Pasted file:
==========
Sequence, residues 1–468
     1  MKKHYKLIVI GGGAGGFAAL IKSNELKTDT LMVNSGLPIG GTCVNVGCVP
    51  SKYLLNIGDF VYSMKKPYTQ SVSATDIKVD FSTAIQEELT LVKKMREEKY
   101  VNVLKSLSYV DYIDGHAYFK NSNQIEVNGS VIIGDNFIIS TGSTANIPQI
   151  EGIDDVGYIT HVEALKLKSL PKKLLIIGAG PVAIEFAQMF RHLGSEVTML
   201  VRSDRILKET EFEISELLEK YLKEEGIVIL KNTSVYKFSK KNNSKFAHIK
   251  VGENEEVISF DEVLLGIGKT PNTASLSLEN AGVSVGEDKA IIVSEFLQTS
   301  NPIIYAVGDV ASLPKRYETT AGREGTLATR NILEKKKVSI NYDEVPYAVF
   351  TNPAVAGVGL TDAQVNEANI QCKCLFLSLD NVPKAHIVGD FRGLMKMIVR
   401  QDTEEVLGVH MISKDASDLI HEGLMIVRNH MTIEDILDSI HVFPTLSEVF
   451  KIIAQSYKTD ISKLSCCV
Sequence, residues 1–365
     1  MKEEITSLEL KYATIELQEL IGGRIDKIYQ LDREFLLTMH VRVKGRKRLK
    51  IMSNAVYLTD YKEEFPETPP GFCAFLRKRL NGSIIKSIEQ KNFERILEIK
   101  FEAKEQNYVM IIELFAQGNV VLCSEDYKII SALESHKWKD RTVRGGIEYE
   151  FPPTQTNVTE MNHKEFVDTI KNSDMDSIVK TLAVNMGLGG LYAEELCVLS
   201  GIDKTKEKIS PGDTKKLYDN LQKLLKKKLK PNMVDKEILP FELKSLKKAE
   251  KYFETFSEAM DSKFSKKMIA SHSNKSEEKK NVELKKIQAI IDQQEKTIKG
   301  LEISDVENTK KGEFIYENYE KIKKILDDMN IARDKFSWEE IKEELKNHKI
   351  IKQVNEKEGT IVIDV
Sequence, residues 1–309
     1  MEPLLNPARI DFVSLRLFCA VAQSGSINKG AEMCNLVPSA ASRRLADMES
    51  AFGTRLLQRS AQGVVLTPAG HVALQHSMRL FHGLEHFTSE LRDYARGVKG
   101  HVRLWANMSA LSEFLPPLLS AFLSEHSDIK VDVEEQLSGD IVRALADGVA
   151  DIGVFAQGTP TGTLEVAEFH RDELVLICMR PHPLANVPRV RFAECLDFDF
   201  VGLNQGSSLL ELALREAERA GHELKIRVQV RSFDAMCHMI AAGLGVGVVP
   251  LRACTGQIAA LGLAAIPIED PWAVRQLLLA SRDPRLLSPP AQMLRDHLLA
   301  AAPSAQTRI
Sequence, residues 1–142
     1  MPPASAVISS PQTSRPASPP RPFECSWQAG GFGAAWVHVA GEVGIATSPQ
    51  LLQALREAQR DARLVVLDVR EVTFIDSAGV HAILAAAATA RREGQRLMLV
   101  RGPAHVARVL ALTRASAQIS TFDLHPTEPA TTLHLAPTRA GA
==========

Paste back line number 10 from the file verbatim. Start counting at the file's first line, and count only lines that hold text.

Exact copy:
   401  QDTEEVLGVH MISKDASDLI HEGLMIVRNH MTIEDILDSI HVFPTLSEVF